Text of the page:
Bullying on the unit : Nursing made Incredibly Easy

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Bullying on the unit

Lockhart, Lisa MHA, MSN, RN, NE-BC; Davis, Charlotte BSN, RN, CCRN

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Nursing Made Incredibly Easy! 15(5):p 1-3, September/October 2017. | DOI: 10.1097/01.NME.0000521809.84893.ae
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In Brief

Bullying is defined as the usage of direct or indirect influence to intimidate, harass, oppress, or embarrass another. It's prevalent in our society, whether in person or over social media, and the clinical nursing setting is no exception.

The question is why is bullying so widespread in nursing? Girl Wars and Mean Girls Grown Up author Cheryl Dellasega states, “Nurses are really vicious to each other. It's not one hospital. It's not one type of nurse. It's the new nurse, it's the nurse who transferred from another floor, it's the ICU nurses feeling superior to the med-surg nurses—it's endless.”

What's bullying...really?

Bullying is any unwanted hostile behavior, such as verbal comments, actions, or gestures, that affects an employee's dignity, professional reputation, or psychological or physical well-being. Bullying in the workplace takes many forms: eye rolling, shunning new employees, refusing to assist, unfair assignments and/or scheduling, aggression, poor evaluations, sabotage, gossip, and more. Seasoned nurses sometimes refer to this as “eating our young,” but it isn't just new nurses who are affected. According to the website www.stopbullyingnurses.com, 90% of nursing students reported being bullied by their instructors; 73% of new nurses felt that they had been bullied within the last month and 58% felt that they were a direct target of a bully or bullies. However, 44% of experienced nurses also felt that they were bullied by a peer within the last year.

In 2012, the American Nurses Association (ANA) published the book Bullying in the Workplace: Reversing a Culture. In 2015, it released the position statement Incivility, Bullying, and Workplace Violence, and developed a 25-member panel to work on prevention, causes, and effects of workplace bullying. According to the ANA, 21% of surveyed nurses reported that they were at a “significant level of risk” for violence at work. Almost half of the nurses reported experiencing various instances of bullying in their workplace, with 50% indicating that they had experienced verbal or nonverbal aggression from a peer and 42% experiencing bullying by a person in a higher level of authority. And bullies aren't just colleagues; the same survey revealed that 43% of nurses had been verbally and/or physically threatened by a patient or a patient's family member.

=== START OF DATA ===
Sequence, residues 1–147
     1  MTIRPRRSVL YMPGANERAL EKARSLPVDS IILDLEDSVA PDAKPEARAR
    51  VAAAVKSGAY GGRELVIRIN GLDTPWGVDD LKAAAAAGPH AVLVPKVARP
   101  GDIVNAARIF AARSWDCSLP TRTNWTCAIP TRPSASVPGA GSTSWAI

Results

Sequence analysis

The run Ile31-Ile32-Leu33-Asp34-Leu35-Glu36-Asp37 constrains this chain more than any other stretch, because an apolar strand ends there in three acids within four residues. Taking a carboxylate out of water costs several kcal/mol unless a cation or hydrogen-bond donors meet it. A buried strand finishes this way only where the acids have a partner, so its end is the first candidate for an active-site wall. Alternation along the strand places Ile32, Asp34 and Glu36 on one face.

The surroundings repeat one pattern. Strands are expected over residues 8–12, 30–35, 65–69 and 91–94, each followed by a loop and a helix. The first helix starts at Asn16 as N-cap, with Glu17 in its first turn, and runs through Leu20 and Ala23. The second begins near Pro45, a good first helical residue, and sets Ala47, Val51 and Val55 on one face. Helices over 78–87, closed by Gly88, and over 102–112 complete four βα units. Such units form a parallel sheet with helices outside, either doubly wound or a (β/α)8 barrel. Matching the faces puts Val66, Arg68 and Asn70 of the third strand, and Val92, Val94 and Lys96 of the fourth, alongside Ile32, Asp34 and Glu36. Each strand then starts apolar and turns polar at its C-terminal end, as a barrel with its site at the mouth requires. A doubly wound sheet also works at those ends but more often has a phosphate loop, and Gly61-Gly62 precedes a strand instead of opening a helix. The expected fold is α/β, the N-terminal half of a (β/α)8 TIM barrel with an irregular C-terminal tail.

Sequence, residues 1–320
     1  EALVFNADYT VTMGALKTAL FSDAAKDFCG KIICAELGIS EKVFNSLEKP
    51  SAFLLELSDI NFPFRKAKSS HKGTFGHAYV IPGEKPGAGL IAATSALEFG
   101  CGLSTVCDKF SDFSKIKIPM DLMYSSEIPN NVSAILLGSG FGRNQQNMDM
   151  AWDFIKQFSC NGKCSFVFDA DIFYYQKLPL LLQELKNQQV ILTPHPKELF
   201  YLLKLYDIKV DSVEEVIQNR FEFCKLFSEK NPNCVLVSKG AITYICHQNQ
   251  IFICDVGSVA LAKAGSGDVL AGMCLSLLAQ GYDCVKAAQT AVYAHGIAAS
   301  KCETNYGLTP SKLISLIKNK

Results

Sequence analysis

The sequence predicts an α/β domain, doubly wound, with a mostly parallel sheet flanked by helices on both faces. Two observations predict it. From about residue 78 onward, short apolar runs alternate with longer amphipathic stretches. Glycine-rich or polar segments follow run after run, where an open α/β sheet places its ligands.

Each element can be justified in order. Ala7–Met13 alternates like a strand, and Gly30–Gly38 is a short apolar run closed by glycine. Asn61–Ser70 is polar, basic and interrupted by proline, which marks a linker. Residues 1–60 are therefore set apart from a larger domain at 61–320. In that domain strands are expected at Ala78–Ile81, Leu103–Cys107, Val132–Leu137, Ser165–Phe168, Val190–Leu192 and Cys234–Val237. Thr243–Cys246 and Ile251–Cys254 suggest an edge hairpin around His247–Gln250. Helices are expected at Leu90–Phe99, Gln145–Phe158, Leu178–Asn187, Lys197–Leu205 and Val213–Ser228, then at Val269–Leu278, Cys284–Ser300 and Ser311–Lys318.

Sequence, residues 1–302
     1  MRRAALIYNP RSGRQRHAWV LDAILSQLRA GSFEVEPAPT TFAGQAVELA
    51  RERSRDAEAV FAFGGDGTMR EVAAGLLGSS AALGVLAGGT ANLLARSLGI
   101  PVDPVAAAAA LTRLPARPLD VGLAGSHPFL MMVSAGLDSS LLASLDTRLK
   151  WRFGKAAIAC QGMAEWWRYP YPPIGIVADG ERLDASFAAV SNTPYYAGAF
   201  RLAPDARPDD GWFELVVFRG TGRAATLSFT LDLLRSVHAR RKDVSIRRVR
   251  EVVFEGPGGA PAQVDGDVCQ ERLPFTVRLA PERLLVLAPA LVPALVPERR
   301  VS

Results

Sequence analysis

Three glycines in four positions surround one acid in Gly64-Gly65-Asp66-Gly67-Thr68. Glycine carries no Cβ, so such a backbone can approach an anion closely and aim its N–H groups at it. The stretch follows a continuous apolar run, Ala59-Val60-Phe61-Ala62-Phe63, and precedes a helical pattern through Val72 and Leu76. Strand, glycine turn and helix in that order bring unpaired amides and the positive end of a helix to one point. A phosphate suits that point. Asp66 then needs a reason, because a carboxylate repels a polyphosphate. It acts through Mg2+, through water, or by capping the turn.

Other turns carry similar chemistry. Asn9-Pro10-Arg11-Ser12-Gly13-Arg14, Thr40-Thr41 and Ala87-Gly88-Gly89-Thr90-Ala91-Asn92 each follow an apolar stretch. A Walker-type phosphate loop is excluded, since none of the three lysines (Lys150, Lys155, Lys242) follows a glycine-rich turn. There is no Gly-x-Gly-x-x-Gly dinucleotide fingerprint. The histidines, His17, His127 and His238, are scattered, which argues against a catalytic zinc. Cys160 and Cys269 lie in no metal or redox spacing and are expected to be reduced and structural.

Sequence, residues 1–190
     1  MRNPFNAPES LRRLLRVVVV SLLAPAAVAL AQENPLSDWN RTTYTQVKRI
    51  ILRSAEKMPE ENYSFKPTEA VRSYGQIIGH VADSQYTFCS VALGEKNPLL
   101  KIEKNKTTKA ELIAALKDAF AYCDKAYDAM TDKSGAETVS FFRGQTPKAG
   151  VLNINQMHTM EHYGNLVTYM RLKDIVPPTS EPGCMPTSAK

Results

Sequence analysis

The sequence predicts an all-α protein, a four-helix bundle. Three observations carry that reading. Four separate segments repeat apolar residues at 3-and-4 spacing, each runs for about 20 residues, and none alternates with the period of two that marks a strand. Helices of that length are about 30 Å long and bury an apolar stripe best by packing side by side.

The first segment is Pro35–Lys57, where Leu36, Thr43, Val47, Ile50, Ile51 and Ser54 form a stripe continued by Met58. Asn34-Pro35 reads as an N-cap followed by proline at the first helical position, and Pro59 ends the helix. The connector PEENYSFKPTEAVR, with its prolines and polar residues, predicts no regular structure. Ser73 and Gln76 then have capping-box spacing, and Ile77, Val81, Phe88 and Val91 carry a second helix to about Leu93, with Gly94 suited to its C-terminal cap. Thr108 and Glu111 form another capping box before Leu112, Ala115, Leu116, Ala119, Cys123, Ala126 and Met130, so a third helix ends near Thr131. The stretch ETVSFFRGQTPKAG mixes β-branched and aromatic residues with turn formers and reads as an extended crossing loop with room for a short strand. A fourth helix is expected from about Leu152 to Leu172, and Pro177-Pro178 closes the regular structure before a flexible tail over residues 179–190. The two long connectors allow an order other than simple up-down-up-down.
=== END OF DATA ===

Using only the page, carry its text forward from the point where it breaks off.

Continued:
The National Institute for Occupational Safety and Health (NIOSH) defines workplace violence or bullying as “physically and/or psychologically damaging actions that occur in the workplace or while on duty.” NIOSH classifies workplace violence into four separate categories: criminal intent, customer versus client, coworker to coworker, and personal relationships.

Why do nurses bully?

One author believes that the issue is relational aggression. This refers to the way in which individuals interact during conflict or tension. Nursing is also a high-stress work environment, with long hours and few opportunities to take a break from the setting and colleagues. This combination is a perfect storm for the creation of a bullying environment.

Studies have connected bullying and relational aggression with fear of and anxiety over social interactions in people of all ages. Nurses often perceive themselves as powerless over their environment, their work assignments, the stressors of healthcare, and organizational requirements.